Dubai closed the week as the laggard among the regional equities markets, losing ground in four out of five sessions. The Dubai Financial Market General Index fell 1.9 per cent yesterday to 1,765.23, pulled back by losses in property and financial services stocks. After the close of trading on Wednesday, Standard & Poor's (S&P) lowered its ratings on three Dubai companies. The ratings agency also announced it was putting four Abu Dhabi Government-owned companies under review for possible downgrades.
Emaar Properties, one of the Dubai companies downgraded by S&P, fell 2.1 per cent. Dubai Islamic Bank, the largest Islamic lender in the country, dropped 7.8 per cent, while Emirates NBD extended its losses from earlier in the week and closed down 2.7 per cent. Shuaa Capital retreated 4.7 per cent. Hassan Awan, an associate in the asset management division at The National Investors, said the selling pressure was mostly from retail investors booking profits in advance of earnings reports to be announced in the next few weeks.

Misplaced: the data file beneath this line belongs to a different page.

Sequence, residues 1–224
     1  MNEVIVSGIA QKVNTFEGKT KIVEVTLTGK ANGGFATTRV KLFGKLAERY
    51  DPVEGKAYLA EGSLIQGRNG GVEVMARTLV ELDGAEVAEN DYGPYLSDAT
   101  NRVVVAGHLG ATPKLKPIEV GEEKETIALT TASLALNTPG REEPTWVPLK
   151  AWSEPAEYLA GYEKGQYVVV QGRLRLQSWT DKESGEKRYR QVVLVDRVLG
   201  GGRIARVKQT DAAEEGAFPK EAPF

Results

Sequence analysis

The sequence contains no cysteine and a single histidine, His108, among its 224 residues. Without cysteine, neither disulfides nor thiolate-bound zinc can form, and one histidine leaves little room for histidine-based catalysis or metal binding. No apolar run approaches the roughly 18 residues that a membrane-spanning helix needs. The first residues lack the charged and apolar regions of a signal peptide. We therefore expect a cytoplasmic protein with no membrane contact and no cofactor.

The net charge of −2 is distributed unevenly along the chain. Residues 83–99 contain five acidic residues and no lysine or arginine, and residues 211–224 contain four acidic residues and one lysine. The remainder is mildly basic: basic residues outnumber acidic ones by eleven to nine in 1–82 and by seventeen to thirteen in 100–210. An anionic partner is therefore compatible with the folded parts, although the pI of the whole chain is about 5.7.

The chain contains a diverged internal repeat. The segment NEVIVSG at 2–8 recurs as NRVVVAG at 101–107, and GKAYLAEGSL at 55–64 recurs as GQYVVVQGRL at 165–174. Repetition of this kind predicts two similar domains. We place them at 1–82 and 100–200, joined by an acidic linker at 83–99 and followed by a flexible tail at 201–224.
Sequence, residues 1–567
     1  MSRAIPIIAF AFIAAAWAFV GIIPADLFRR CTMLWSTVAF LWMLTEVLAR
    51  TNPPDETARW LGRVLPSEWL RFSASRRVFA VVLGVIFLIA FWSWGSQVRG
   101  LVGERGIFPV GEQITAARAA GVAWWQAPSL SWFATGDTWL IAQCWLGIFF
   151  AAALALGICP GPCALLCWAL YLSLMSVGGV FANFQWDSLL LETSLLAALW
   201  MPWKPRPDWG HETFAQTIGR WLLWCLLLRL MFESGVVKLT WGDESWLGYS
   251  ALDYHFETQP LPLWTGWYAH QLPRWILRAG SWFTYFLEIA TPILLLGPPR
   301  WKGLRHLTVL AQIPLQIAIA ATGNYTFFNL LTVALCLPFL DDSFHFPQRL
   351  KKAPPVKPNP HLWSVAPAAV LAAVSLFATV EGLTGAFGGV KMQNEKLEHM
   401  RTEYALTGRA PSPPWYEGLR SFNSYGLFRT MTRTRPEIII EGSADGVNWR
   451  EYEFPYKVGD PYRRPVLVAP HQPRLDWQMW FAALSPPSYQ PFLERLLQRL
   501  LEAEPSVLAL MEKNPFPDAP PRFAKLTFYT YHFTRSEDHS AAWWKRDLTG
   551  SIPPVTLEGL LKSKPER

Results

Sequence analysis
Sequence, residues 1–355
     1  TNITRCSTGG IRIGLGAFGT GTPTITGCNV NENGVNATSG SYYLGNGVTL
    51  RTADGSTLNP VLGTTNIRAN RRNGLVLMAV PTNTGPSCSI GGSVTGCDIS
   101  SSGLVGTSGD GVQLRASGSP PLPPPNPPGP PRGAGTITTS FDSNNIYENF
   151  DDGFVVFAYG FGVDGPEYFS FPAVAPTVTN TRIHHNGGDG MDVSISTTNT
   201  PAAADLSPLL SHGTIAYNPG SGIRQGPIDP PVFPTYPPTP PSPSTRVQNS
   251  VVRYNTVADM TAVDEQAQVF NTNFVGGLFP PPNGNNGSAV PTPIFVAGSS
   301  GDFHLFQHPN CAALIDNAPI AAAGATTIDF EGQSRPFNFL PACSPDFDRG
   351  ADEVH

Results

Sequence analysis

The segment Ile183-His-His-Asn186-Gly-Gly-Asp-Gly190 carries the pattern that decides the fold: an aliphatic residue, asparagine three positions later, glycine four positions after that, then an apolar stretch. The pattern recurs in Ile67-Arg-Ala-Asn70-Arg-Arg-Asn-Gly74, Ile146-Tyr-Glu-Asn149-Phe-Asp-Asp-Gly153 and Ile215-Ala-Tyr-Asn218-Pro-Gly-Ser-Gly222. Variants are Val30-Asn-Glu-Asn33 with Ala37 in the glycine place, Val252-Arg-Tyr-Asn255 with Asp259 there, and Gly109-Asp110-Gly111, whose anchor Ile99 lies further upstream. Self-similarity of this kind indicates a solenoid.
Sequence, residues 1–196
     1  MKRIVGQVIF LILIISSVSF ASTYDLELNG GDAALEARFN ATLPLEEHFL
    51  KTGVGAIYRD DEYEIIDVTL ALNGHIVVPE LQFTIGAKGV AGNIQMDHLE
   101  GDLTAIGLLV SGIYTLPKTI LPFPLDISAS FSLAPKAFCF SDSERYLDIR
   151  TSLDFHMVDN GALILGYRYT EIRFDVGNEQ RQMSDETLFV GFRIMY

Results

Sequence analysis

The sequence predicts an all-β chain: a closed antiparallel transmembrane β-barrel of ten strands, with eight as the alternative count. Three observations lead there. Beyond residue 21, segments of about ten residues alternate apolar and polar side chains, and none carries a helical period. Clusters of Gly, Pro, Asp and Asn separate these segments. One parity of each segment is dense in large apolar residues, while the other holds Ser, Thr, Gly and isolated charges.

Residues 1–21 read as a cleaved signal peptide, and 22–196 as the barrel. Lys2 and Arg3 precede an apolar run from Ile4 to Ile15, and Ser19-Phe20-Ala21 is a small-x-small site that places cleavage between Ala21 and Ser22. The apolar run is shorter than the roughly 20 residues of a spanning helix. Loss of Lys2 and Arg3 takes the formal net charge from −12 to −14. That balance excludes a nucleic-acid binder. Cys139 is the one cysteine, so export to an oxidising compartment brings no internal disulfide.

The Abu Dhabi Securities Exchange General Index closed down 0.7 per cent to 2823.44, posting losses for the second consecutive day. Property heavyweights Aldar and Sorouh fell 3.5 and 3.2 per cent, respectively. Aabar Investments, an Abu Dhabi-controlled investment company, was down 1.7 per cent. Traders in the capital seemed to largely shrug off the S&P announcement. "The Abu Dhabi index is more resilient," Mr Awan said.
Elsewhere in the region, Bahrain shares dropped 2 per cent while Kuwait recorded marginal losses. Qatar's and Muscat's main measures were each slightly positive. The Saudi Arabian bourse was closed for the weekend. @Email:firstname.lastname@example.org